The rest of that week got really scrambled for me, resulting in borderline kidnapping (I’m hesitant to use that word because violence was not thrust upon me, however I never saw any money from the “work” I was doing and had my stuff held hostage at the captor's apartment early in the week); house-hopping and escapes to new friends’ homes; an unrequited relationship with said captor; and a light affair with an English rugby player that did not go over well with Captor. Near the end of that week I stared to feel helpless, hopeless, scared and continued a very unhealthy trend that I had started while in my early twenties of running through the uncharted night. I guess I felt like I was “going somewhere,” although I almost never had a trajectory. I needed to leave Lloret de Mar for my sanity and for the train ticket back to Aix-en-Provence from Barcelona the next evening.

Through tears and with nothing but €10, I managed to convince the otherwise very salty bus driver to let me on the bus and back to Barcelona where I might find refuge in the American embassy. I didn’t make it to the embassy as I had a phone interview previously scheduled with the journalism director at CSULB for my candidacy as Editor-in-Chief of DIG magazine on campus. Through faith, a hard “no” from the interviewing professor to reschedule our interview, and a swift decision, I conducted my interview on a pay phone at the Barcelona train station while I nervously watched passengers board my train to France (needless to say I didn’t make the Editor-in-Chief position, although I did rank second in command as her Managing Editor).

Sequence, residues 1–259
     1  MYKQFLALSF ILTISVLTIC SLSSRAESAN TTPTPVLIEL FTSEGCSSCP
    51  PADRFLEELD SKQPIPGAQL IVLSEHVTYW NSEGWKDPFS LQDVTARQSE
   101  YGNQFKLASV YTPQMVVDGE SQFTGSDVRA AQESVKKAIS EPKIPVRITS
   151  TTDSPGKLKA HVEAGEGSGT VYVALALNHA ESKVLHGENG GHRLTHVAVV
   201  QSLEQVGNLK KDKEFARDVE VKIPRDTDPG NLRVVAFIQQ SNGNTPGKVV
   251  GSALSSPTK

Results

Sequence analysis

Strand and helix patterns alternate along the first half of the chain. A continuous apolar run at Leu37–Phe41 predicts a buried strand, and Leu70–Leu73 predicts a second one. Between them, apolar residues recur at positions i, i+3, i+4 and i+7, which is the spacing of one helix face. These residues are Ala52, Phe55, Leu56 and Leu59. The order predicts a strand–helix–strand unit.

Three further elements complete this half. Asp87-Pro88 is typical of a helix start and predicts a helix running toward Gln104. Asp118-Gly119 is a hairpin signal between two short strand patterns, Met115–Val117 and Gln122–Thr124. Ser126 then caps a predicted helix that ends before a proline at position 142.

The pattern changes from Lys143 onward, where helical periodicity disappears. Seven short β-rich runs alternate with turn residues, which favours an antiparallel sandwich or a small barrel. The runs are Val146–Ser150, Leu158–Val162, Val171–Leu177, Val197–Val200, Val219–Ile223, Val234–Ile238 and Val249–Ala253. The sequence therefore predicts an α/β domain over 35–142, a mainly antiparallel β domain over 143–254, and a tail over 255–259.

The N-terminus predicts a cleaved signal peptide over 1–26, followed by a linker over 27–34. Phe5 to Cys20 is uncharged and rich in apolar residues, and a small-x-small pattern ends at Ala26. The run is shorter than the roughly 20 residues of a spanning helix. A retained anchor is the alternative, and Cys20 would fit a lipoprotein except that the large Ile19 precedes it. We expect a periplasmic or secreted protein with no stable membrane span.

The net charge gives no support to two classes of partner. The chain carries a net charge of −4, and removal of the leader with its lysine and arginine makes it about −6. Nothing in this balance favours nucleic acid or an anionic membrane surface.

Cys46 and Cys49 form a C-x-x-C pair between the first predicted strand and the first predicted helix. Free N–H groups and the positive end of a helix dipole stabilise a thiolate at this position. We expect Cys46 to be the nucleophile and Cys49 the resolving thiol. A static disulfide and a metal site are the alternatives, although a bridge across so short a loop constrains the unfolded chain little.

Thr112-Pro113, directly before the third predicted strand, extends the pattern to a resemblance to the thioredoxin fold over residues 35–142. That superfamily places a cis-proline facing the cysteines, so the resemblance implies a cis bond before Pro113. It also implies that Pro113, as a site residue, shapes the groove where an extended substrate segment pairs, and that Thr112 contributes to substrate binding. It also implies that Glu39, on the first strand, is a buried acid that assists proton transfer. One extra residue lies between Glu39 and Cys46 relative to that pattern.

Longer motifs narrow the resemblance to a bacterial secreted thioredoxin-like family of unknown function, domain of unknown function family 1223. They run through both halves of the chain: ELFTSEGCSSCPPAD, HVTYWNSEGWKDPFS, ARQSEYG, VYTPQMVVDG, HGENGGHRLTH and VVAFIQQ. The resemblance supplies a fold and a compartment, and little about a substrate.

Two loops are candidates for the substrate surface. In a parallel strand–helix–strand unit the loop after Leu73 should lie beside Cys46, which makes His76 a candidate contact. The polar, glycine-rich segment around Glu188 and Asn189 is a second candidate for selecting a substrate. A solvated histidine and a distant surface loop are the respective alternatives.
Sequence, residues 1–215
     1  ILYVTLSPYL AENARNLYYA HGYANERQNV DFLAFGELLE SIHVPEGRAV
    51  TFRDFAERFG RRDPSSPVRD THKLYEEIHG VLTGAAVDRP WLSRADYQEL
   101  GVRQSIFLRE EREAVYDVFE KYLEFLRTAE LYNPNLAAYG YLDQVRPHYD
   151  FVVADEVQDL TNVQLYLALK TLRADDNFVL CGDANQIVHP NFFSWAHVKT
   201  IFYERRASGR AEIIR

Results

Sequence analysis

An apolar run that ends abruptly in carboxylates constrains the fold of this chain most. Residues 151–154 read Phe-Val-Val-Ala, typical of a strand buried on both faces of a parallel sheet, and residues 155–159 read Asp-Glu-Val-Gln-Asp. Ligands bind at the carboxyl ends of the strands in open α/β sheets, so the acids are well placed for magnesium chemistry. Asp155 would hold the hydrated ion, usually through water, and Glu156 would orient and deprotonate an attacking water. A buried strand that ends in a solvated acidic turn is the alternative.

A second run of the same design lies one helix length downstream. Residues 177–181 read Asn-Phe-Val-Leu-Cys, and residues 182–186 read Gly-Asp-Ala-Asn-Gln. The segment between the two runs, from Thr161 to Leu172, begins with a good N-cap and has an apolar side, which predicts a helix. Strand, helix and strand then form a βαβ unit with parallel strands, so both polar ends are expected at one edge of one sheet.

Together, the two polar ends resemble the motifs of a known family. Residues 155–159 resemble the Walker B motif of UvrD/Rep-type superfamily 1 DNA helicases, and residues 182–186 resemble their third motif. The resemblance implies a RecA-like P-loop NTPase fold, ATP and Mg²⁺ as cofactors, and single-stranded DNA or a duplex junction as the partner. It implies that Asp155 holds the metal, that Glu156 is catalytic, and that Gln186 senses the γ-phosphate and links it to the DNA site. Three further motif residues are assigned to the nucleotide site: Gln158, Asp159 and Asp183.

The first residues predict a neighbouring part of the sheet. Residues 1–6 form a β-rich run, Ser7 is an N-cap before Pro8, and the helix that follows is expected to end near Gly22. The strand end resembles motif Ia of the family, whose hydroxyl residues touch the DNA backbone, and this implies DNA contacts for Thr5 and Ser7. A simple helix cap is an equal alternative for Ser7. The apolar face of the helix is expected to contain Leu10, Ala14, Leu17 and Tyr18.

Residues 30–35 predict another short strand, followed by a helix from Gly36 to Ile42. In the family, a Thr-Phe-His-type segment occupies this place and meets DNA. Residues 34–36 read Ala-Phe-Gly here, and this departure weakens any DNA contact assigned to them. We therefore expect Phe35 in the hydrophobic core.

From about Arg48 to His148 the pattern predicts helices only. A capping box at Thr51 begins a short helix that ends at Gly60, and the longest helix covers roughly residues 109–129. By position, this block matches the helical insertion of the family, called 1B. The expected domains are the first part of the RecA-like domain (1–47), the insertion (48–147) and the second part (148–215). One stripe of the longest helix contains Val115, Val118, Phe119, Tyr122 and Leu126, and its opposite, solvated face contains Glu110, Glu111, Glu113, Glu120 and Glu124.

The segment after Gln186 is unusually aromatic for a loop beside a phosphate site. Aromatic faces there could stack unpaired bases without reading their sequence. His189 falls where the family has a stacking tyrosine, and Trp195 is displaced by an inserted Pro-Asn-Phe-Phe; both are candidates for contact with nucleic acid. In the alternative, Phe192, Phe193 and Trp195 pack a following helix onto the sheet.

All I had left was a small bag with some clothing and toiletries that a new and dear friend from Whales had provided me before departing Lloret de Mar, After the Darkest Hour (which was a Godsend to me during that time!), and a Spanish letter from the Barcelona police station explaining what was stolen from me, including my train ticket back to Aix.

The conductor took the letter, and then decided it would be safer for me to ride the overnight sleep train in the cab with him. I did that as I slept in a chair behind the conductor and thanked God for kind people and human compassion.

Things started to get calmer for me once we arrived in Cerbère, the first stop in France after the Spanish border. One conductor to another handed me off and I was officially closer to Aix.

Lol, that was 2006, and it’s crazy to say things get wilder for me, but alas they do. Luckily not in 2007: That April was a simple month as I was continuing to rebound from my year abroad. I prepped for college graduation and accepted an internship with Dance Magazine in NYC that summer. Other than that, the month was relatively quiet, which was fine for me!